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  (Source: TechReport)
Decreasing SSD prices and increasing HDD prices bring to formats closer and cost

One of the things that has long kept many people from adopting an SSD to replace the hard drive inside their computer or notebook has been cost. Traditionally, a SSD is much more expensive than a normal hard drive and SSDs always have considerably less storage than a comparably priced hard drive.

However, the adoption of SSDs is growing significantly in the computer industry with more and more people willing to pay the price for better performance.
 
The good news for those who are currently in the market to purchase a new SSD is that prices are in a steady and substantial decline according to TechReport. The steady decline in price of SSD storage combined with the increase in price for hard drive storage resulting from a massive flooding in Thailand means the difference in price between the two storage formats is getting closer and closer.
 
The data comes by way of a company called Camelegg, which tracks prices at Newegg. According to the data, which looks at some specific popular SSD models, prices are coming down significantly. One example is the Intel 510 series SSD's that started out over $600 in March of 2011 and in June of 2012 are now below $500. Most enthusiasts shy away from the Intel SSD's because they tend to be some the more expensive devices out there.
 
A more commonly purchased SSD on the enthusiast end of the spectrum would be something along the lines of the Corsair Force Series GT. The data shows that the 240 GB version of that SSD started at slightly less than $500 in July of last year and in June of this year the price dropped to roughly $350. That's a $150 price reduction in a bit less than a year.
 
OCZ and its popular line of Vertex 3 SSDs have seen similar price reductions starting at a bit more than $500 in April 2011 and dropping to just over $200 as of June of this year for 240 GB model.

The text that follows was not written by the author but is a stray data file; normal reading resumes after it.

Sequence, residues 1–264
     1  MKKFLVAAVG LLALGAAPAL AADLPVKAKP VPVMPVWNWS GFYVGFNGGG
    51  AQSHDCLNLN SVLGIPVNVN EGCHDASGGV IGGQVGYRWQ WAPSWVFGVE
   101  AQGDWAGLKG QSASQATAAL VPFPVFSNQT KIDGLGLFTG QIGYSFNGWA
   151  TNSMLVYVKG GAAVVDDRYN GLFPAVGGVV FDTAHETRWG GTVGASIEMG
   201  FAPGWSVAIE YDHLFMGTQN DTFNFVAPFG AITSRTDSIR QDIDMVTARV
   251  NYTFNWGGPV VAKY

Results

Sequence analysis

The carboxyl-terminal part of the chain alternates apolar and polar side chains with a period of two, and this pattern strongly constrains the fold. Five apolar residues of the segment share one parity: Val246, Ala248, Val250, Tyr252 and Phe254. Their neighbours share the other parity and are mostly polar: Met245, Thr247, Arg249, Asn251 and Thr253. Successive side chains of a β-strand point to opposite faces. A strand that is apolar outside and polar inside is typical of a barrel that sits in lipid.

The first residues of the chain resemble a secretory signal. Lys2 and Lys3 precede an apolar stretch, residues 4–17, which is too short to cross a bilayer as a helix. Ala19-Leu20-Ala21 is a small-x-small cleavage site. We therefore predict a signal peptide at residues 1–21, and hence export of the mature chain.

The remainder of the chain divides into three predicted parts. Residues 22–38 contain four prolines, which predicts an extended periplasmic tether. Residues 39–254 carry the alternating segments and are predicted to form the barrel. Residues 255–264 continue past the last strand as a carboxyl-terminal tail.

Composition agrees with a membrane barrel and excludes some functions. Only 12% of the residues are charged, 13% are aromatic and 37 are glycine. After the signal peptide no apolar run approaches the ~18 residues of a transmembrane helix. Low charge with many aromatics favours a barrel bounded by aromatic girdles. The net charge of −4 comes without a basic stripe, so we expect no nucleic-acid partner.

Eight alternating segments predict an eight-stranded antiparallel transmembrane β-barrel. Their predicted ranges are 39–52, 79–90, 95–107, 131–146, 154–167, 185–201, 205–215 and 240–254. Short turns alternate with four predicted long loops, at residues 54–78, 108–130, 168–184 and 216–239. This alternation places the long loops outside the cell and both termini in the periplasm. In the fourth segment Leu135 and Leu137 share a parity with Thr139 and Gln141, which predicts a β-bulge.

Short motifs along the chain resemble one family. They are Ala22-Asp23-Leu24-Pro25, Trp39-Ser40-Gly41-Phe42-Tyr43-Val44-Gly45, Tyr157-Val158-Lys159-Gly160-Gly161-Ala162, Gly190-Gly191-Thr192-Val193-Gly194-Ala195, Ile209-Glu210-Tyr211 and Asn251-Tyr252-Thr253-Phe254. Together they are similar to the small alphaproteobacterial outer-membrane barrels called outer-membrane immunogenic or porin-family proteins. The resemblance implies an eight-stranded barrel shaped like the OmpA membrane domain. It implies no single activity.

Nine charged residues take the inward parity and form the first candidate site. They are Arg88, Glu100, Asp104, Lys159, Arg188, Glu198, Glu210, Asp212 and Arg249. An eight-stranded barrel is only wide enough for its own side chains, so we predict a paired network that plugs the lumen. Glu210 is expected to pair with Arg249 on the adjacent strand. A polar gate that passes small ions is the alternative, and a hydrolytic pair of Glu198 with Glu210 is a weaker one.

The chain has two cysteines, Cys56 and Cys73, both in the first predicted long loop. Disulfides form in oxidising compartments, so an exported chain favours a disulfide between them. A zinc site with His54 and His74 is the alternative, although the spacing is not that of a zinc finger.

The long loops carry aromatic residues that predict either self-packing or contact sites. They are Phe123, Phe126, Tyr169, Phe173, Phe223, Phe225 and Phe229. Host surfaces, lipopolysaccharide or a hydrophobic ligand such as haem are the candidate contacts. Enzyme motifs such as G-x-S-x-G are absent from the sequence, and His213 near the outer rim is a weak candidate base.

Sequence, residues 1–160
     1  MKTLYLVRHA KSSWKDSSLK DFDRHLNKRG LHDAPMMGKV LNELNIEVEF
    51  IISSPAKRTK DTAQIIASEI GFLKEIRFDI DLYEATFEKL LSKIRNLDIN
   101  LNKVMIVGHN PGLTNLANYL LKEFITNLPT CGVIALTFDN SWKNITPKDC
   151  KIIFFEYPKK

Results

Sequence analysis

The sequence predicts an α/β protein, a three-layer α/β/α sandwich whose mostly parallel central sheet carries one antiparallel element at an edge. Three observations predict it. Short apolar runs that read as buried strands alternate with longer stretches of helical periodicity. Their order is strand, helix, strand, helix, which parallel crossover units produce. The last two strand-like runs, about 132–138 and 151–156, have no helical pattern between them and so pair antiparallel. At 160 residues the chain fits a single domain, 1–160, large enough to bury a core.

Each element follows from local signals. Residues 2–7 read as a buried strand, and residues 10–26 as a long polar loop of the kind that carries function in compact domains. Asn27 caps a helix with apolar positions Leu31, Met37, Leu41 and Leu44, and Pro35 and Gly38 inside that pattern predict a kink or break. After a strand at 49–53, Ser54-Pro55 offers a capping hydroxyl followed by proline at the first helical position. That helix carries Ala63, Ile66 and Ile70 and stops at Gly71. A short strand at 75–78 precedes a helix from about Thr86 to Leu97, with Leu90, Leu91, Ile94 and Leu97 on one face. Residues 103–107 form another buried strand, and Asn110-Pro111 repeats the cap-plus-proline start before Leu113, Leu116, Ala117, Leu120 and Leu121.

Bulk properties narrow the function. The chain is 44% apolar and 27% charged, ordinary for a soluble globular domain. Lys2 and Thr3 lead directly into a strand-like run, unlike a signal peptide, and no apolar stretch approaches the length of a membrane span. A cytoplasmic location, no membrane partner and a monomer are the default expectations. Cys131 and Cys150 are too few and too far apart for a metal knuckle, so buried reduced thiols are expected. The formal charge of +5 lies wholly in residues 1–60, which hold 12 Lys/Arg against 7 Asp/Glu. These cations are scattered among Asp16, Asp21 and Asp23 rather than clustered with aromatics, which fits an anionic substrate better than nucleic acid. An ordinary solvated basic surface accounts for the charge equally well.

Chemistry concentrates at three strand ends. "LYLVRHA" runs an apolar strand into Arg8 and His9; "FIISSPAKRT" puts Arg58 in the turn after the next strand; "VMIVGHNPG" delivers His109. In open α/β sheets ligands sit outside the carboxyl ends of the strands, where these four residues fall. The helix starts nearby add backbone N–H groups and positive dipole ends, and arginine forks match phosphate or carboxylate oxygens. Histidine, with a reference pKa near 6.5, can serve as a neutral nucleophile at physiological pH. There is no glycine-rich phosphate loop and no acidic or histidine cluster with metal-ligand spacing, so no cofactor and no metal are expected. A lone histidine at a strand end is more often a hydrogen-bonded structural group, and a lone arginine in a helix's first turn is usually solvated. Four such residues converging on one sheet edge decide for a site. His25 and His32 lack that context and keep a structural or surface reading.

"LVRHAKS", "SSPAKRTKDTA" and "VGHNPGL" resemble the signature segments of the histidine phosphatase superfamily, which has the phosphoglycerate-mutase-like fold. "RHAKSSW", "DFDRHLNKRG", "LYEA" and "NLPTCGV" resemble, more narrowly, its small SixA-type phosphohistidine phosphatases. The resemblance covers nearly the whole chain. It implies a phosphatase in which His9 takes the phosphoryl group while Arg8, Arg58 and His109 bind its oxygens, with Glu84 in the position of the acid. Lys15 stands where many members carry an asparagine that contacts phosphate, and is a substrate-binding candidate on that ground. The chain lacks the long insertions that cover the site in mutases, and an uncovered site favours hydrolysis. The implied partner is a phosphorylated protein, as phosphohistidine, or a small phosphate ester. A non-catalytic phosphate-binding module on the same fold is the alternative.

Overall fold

Other popular SSDs have seen similar price declines over the last six months to one year making this a prime time to purchase SSD storage.

Source: TechReport



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RE: Whoa!
By Lord 666 on 6/24/2012 9:48:10 AM , Rating: 2
Was being lazy from my mobile device. Those benchmarks don't compare Sandforce drives where density hit have been more noticeable.

In response to reclaimer, I never stated desktop raid. My focus has been on enterprise...think 16 bay chassis dl380 g8. The debate still revolves around "spindles" too. Not only are the 240s faster than 480s in absolute speed, in a raid10 array qty 4 240gb will smoke qty 2 480 at less cost but same storage.

The problem about anandtech is it needs to focus a bit more on the enterprise vertical. There were a spurt of enterprise articles, but since has faded.


RE: Whoa!
By Reclaimer77 on 6/24/2012 11:33:47 AM , Rating: 2
quote:
The problem about anandtech is it needs to focus a bit more on the enterprise vertical. There were a spurt of enterprise articles, but since has faded.


I would prefer they spin off an entirely new site for that. Anandtech is perfect just the way it is, with an amazingly informative wealth of knowledge there for the desktop user/enthusiast.


RE: Whoa!
By Lord 666 on 6/24/2012 12:27:54 PM , Rating: 2
Spinning something off of Anandtech or combining the best of both worlds would be a great addition. Sort of like how to bastardize consumer gear to make it work for enterprise, but on a budget.

Typically business spend, not prosumer/enthusiast purchases, drives adoption and lower costs. SSDs seem to be where lessons learned from consumers is trickling up to business.


"I modded down, down, down, and the flames went higher." -- Sven Olsen

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